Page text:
Monday, November 8, 2021

Discovering Dschubba

Dschubba is a star system located 400 light years away from Earth, visible in the constellation of Scorpio.

Although Dschubba has been intensively studied, it is not yet clear how many stars are part of the system. Observations have confirmed the presence of two stars, but there is evidence for a third and a fourth component. The study of the system is complicated by the high brightness of the two main components, which tend to obscure everything that surrounds them: the primary is in fact 14 thousand times brighter than the Sun, while the secondary almost 3000 times.

The main one is a blue giant 15 times more massive than the Sun and with a radius 5 times that of the Sun, while the secondary one is also a blue star but with 8 solar masses.

The two stars move on orbits that periodically every 10 years bring them very close, to less than 1 AU.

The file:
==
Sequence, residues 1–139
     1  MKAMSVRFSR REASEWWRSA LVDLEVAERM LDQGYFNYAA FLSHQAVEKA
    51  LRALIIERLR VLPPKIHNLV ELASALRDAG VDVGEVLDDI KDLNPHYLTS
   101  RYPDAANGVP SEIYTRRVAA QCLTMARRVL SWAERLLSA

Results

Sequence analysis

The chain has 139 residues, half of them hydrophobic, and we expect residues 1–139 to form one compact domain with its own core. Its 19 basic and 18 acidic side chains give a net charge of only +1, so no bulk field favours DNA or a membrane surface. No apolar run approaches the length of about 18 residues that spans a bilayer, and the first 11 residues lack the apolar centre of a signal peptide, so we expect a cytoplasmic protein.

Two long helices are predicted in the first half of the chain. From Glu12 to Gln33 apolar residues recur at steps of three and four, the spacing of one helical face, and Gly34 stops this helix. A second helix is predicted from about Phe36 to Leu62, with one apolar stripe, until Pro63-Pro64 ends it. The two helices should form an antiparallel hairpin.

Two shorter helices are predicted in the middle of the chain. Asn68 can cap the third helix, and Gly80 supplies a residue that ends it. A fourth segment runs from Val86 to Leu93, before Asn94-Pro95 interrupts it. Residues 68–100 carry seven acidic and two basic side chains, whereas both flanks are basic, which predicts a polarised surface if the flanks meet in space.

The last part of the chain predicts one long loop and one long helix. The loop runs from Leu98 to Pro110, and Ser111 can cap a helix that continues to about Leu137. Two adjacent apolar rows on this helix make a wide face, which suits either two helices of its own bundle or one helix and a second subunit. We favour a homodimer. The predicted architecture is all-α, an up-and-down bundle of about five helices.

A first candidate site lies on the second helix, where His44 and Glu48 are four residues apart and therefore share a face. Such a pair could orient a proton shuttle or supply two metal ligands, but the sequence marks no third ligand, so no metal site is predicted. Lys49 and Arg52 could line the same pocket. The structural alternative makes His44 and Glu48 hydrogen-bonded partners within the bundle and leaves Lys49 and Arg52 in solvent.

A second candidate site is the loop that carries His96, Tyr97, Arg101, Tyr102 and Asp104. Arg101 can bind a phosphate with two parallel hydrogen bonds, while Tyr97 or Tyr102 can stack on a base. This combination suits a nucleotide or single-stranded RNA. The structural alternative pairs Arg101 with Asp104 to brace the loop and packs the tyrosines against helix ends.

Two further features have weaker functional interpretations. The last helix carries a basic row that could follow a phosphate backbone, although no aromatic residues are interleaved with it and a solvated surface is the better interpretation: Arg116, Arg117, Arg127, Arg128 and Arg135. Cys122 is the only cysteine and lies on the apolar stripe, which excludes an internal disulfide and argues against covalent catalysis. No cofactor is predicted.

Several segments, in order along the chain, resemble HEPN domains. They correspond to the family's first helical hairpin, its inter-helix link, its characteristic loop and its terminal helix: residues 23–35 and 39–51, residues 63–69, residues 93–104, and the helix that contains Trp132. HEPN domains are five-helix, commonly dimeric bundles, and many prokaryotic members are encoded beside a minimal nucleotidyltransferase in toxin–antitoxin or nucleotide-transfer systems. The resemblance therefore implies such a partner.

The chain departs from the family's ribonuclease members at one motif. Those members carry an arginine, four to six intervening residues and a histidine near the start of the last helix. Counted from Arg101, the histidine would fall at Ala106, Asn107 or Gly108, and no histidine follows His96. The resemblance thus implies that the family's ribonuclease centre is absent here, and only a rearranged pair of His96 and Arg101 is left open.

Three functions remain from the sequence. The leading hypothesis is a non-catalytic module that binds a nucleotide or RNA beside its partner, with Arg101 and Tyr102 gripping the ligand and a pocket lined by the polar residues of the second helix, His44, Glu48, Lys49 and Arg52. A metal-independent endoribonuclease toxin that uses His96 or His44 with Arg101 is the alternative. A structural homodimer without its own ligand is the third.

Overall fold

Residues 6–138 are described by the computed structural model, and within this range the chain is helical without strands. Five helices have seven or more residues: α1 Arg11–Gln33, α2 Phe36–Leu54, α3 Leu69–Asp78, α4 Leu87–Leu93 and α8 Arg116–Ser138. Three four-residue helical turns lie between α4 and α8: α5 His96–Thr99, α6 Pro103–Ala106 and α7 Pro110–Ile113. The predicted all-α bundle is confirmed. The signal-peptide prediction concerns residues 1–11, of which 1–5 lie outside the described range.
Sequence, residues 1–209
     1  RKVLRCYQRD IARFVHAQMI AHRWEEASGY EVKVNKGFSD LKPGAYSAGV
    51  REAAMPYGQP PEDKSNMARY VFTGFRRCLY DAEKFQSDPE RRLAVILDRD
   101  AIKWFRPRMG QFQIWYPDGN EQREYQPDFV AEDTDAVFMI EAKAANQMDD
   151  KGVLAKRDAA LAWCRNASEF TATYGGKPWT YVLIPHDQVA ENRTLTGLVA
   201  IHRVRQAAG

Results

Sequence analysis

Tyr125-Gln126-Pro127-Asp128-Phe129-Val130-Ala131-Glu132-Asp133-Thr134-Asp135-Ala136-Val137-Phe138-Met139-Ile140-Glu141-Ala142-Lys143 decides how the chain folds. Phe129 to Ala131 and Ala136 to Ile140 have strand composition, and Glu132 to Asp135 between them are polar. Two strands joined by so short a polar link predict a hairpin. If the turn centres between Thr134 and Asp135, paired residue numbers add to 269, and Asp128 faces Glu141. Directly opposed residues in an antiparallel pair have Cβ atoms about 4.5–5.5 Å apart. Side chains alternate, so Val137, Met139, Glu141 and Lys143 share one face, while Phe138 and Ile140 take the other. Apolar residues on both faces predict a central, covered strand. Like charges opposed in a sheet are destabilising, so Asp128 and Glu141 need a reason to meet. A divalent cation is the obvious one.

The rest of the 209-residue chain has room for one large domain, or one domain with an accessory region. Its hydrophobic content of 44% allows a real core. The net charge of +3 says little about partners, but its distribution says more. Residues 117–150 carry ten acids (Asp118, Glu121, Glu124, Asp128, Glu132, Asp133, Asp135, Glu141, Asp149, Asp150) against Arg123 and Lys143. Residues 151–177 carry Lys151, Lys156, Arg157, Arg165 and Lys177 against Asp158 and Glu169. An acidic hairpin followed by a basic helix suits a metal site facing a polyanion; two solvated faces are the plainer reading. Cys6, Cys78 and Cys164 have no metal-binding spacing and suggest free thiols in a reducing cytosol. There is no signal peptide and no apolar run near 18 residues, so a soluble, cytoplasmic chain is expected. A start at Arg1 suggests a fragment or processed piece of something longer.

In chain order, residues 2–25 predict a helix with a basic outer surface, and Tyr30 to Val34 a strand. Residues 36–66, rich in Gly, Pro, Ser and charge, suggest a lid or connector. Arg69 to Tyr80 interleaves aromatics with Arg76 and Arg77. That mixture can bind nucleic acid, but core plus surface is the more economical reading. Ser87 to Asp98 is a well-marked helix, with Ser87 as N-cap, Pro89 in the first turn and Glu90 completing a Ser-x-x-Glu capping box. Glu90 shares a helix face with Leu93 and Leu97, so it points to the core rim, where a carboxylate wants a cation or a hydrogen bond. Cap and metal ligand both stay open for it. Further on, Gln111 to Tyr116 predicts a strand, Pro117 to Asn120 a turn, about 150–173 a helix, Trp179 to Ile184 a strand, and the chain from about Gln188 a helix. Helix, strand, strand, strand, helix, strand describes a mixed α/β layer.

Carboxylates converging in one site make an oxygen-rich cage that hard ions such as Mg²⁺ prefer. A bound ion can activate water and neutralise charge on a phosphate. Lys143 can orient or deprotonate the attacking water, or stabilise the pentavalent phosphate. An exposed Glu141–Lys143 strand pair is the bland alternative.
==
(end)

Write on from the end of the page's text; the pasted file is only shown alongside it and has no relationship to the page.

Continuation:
In the early 2000s, the magnitude of Dschubba was +2.3, but by 2003 it had dropped to +1.5, and then slowly returned to its original magnitude in the following years. This sudden increase in brightness was explained precisely on the basis of the orbit of the two stars. It has in fact been supposed that during a close passage the secondary has torn a large amount of material from the photosphere of the primary. The gas would then enter the star’s orbit forming a circumstellar disk, thus increasing the brightness of the system.

Credit: Palomar Observatory.

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